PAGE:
New York Attorney General Letitia James filed a lawsuit Thursday against cryptocurrency firms Gemini, Genesis Global Capital and its parent company Digital Currency Group (DCG) for allegedly defrauding investors out of more than $1 billion, adding to the mounting crypto crackdown by regulators in the wake of the collapse of Sam Bankman-Fried's FTX.
The lawsuit claims that Gemini, founded by billionaire twins Cameron and Tyler Winklevoss – best known for suing Meta CEO Mark Zuckerberg over Facebook's early days – "lied to investors" by assuring them their investments were safe in the Gemini Earn program it ran with now-bankrupt Genesis.
However, the suit alleges, Genesis' loans were actually risky, because at one point they were "highly concentrated" with Bankman-Fried's crypto hedge fund Alameda Research, which Gemini purportedly knew and did not disclose.
The New York AG also sued former Genesis CEO Soichiro Moro and DCG founder and CEO Barry Silbert, claiming the executives and the companies deceived investors as well as the public by attempting to hide more than $1.1 billion in losses.
"These cryptocurrency companies lied to investors and tried to hide more than a billion dollars in losses, and it was middle-class investors who suffered as a result," James said in a statement. "Hardworking New Yorkers and investors around the country lost more than a billion dollars because they were fed blatant lies that their money would be safe and grow if they invested it in Gemini Earn. Instead, Gemini hid the risks of investing with Genesis and Genesis lied to the public about its losses."
James is seeking restitution for investors from the three companies and seeks to ban the firms from doing business in New York.
When reached for comment, Gemini directed FOX Business to a statement it posted on X, the social media platform formerly known as Twitter.
"Today, the @NewYorkStateAG sued Genesis, its former CEO @michaelmoro, its parent company @DCGco, and DCG’s CEO @BarrySilbert personally for conspiring to lie and defraud Gemini, Earn users, and other Genesis creditors," the post reads. "The NY AG’s lawsuit confirms what we’ve been saying all along — that Gemini, Earn users, and other creditors were the victims of a massive fraud and systematically ‘lied to’ by these parties about ‘Genesis’s financial condition.’"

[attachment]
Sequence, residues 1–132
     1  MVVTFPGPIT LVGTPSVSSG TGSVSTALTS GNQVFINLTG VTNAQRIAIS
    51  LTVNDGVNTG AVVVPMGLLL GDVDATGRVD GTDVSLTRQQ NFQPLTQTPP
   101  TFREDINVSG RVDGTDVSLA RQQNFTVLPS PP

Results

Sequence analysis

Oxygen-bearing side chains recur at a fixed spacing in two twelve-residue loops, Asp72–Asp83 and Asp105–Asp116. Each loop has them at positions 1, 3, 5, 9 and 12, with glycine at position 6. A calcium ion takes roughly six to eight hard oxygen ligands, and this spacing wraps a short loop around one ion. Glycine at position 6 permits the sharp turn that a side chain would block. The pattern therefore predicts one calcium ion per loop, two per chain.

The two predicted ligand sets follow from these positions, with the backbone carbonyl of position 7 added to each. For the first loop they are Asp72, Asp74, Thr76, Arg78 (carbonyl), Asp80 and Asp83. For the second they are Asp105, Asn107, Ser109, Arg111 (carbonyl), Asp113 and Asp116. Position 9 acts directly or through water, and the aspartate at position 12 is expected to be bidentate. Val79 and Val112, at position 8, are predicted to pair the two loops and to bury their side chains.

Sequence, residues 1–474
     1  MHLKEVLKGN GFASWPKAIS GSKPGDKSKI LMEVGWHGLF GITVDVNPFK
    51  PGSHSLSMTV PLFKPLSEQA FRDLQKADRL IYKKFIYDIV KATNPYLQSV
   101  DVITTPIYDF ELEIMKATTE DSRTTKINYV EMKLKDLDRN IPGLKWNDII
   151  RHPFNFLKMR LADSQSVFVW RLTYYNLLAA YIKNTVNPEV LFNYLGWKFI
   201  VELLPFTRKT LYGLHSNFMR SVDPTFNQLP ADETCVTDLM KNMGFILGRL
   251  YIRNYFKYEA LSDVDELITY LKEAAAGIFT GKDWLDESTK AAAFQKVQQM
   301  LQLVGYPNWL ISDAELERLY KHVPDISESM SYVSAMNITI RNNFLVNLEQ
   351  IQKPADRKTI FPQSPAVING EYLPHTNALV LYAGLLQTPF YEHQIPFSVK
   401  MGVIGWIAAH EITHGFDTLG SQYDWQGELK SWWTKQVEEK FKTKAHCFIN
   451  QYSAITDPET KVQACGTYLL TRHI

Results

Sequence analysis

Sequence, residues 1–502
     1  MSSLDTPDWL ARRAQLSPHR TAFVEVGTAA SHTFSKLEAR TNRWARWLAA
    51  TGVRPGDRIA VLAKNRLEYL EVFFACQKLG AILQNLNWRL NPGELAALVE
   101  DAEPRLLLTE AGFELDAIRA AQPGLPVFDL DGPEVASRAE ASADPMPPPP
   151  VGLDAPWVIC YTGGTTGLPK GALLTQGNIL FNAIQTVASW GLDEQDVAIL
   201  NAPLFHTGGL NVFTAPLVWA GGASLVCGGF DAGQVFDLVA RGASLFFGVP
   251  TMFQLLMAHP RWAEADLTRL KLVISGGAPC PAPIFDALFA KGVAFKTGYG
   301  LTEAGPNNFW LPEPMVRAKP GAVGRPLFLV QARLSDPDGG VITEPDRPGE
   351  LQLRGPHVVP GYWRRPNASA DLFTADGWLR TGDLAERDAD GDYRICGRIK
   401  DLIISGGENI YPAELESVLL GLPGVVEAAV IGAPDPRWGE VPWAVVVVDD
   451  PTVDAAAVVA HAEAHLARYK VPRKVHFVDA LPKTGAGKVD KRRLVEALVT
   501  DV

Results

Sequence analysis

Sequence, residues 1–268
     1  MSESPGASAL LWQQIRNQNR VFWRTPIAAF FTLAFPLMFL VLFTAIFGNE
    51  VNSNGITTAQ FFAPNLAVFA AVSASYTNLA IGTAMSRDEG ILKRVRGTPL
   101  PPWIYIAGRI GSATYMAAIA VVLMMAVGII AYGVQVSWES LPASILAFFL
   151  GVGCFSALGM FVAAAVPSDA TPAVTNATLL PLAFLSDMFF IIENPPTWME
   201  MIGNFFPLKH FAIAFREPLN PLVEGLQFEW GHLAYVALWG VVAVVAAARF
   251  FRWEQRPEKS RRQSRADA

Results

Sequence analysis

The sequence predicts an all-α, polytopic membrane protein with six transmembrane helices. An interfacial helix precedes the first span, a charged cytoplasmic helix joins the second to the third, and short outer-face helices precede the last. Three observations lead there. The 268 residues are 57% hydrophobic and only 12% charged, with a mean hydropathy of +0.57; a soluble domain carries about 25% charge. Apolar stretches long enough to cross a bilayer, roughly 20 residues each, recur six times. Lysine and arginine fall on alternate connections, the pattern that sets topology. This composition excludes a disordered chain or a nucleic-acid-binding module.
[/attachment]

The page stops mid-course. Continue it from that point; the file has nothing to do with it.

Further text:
The statement adds, "With that said, we wholly disagree with the NY AG’s decision to also sue Gemini. Blaming a victim for being defrauded and lied to makes no sense and we look forward to defending ourselves against this inconsistent position."
Both DCG and Silbert pushed back against the claims made in James' lawsuit.
"We fully intend to fight the claims and look forward to being vindicated in this case," the company said. "DCG has always conducted its business lawfully and with integrity. We have actively cooperated for months with the Attorney General's investigation in an open and transparent manner. We were blindsided by the filing of the complaint, and there is no evidence of any wrongdoing by DCG, Barry Silbert, or its employees."
Silbert said in a separate statement that he is "shocked by the baseless allegations in the Attorney General's complaint and intend[s] to fight these claims in court."
"Honesty and integrity have always been my guiding principles," Silbert's statement continues. "Last year, my and DCG's goal was to help Genesis weather the storm caused by the collapse of Three Arrows and position Genesis for success going forward. It is unfortunate that this lawsuit omits that fundamental fact."